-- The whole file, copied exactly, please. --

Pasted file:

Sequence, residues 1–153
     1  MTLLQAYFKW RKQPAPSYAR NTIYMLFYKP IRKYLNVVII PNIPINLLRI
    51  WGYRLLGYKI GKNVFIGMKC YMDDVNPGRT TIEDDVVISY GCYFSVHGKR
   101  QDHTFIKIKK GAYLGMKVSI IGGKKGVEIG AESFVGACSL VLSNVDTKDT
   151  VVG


Sequence, residues 1–153
     1  MTLLQAYFKW RKQPAPSYAR NTIYMLFYKP IRKYLNVVII PNIPINLLRI
    51  WGYRLLGYKI GKNVFIGMKC YMDDVNPGRT TIEDDVVISY GCYFSVHGKR
   101  QDHTFIKIKK GAYLGMKVSI IGGKKGVEIG AESFVGACSL VLSNVDTKDT
   151  VVG